Value Remaining Formula and the Total Discount

Table 7-14: Sample Calculation of DLOM

Evidence from the Institute of Business Appraisers

Mercer™s Rebuttal

Expected Growth and Expected Returns

Conclusion

My Counterpoints

Mercer™s Response

Conclusion

MATHEMATICAL APPENDIX

PART 3 Adjusting for Control and Marketability

196

INTRODUCTION

Adjusting for levels of control and marketability is a complicated and

very important topic. We will be discussing control premiums (CP), their

opposite, discount for lack of control (DLOC), and discount for lack of

marketability (DLOM).

Historically, these valuation adjustments have accounted for substan-

tial adjustments in appraisal reports”often 20“40% of the net present

value of the cash ¬‚ows”and yet valuation analysts may spend little to

no time calculating and explaining these adjustments.

This is a long chapter, with much data and analysis. It will be helpful

to break the discussion into two parts. The ¬rst part will deal with pri-

marily with control and the second part primarily with marketability. I

say primarily, because the two concepts are interrelated. The level of con-

trol of a business interest impacts its level of marketability. Therefore, it

is logical to begin with a discussion of control. Because of the interrela-

tionship, two academic articles that we will discuss in the section on

control relate more to marketability, yet they ¬t in better in the control

discussion.

THE VALUE OF CONTROL AND ADJUSTING FOR LEVEL

OF CONTROL

We will begin our analysis of the effects of control on value by reviewing

prior qualitative professional research and prior academic research. Then

we will present some additional data and come to some conclusions

about the magnitude of control premiums and DLOC.

The top portion of Figure 7-1 shows the traditional level of values

chart.3 The conventional wisdom represented in the traditional levels of

value chart holds that it is appropriate to add a control premium to the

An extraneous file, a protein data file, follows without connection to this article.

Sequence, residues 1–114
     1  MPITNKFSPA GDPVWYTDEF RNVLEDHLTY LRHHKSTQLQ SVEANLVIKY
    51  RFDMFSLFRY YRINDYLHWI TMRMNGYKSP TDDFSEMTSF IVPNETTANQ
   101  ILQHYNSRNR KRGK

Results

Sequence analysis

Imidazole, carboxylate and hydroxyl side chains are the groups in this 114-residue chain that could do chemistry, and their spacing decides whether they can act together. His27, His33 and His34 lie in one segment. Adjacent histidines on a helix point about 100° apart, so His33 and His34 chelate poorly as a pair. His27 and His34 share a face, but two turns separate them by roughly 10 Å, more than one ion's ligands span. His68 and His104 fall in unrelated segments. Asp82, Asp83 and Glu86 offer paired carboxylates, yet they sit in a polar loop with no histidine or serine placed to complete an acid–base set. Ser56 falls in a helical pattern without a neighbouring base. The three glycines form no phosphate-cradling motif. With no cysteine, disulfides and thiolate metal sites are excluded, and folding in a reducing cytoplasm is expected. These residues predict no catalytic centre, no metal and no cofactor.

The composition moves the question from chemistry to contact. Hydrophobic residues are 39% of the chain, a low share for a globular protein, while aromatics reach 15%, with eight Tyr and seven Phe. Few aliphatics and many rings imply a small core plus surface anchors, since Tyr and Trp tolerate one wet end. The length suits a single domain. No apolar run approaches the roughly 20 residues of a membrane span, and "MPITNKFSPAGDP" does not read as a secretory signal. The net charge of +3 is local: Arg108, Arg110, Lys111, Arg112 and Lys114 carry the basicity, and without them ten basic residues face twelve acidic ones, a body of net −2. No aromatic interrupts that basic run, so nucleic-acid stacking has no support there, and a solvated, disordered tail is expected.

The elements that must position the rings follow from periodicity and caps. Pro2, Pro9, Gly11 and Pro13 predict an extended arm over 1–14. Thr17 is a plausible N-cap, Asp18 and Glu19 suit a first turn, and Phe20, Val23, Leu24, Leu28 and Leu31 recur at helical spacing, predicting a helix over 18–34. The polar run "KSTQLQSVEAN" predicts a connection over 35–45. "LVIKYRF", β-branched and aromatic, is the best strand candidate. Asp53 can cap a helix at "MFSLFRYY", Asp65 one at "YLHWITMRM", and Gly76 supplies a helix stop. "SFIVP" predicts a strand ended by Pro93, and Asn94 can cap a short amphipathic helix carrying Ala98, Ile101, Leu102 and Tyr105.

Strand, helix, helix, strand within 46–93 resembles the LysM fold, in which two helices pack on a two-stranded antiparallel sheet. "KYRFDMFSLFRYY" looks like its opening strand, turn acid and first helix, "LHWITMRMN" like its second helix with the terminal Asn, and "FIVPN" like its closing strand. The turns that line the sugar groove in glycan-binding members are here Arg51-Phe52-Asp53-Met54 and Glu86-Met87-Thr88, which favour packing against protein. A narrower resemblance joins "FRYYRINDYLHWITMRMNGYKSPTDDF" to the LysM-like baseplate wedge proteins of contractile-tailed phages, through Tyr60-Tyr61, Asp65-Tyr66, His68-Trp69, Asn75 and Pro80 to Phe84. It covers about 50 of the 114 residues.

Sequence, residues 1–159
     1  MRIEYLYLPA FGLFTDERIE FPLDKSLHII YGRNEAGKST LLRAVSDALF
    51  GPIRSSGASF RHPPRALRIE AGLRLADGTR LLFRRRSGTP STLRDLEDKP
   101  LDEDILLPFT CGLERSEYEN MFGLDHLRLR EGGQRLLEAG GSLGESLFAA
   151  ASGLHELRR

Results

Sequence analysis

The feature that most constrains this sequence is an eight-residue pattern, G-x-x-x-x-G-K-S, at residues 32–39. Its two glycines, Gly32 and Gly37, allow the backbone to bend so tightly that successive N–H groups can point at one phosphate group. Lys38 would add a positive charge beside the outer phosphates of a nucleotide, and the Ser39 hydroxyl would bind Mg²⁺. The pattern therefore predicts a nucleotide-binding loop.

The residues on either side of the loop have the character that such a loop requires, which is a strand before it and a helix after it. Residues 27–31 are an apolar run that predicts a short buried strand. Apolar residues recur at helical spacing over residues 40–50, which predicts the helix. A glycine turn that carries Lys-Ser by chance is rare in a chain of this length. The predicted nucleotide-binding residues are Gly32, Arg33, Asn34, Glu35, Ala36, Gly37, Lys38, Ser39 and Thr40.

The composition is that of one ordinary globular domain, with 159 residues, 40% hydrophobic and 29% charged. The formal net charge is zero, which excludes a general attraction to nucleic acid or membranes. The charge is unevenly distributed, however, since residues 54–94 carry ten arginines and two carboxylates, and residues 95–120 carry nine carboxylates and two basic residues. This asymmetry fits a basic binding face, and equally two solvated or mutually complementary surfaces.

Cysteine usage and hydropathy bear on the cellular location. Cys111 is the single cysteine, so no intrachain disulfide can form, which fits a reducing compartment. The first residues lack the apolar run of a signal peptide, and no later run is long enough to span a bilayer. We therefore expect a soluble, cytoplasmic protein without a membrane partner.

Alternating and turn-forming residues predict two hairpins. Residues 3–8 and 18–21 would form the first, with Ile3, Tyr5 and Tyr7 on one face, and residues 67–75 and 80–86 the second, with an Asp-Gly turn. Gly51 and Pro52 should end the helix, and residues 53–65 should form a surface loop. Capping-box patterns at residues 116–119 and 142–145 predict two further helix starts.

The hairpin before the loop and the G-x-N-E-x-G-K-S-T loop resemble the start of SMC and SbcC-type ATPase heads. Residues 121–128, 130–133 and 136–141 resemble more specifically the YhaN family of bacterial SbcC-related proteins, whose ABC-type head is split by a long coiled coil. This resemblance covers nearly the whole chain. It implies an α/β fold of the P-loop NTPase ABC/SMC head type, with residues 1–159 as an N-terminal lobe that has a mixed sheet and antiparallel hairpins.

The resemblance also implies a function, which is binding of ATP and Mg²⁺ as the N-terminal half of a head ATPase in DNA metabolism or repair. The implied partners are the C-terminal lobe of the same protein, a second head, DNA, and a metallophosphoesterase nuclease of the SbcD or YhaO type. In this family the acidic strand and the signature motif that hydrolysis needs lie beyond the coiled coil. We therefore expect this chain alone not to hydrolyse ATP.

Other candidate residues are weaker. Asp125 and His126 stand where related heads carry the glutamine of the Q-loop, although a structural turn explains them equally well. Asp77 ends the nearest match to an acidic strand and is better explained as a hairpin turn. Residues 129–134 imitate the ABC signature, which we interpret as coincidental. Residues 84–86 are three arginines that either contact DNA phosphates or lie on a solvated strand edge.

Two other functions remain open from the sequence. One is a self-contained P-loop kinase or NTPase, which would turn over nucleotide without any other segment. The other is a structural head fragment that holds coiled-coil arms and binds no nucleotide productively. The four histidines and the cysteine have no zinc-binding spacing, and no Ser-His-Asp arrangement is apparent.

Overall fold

F I G U R E 7-1

Traditional Levels of Value Chart

Level of Value Adjustment up To Adjustment Down To

Control interest Control premium NA

Marketable minority interest Reverse out DLOM DLOC

Private Minority Interest NA DLOM

Mercer™s Mercer (1998) modi¬ed traditional levels of value chart

Strategic value Value of synergies NA

Control value Control premium Eliminate synergies

Marketable minority interesta Reverse out DLOM DLOC

Private minority interest NA DLOM

a

Often referred to in the literature as the ˜˜as-if-freely-traded-value™™ for private ¬rms.

3. The bottom portion shows Chris Mercer™s modi¬ed traditional levels of value chart, which is

identical to the one above, except with the addition of the strategic value. We will cover this

later in the chapter.

CHAPTER 7 Adjusting for Levels of Control and Marketability 197

marketable minority interest value. There are signi¬cant opinions to the

contrary, i.e., that one should not add any control premium whatsoever.

Additionally, there is controversy over the appropriate magnitude of the

control premium among those who do add them to the marketable mi-

nority interest value. We will cover that in greater depth later in the chap-

ter. Of course, if the valuation method is a guideline company approach

using a database of sales of privately held ¬rms, the starting value is a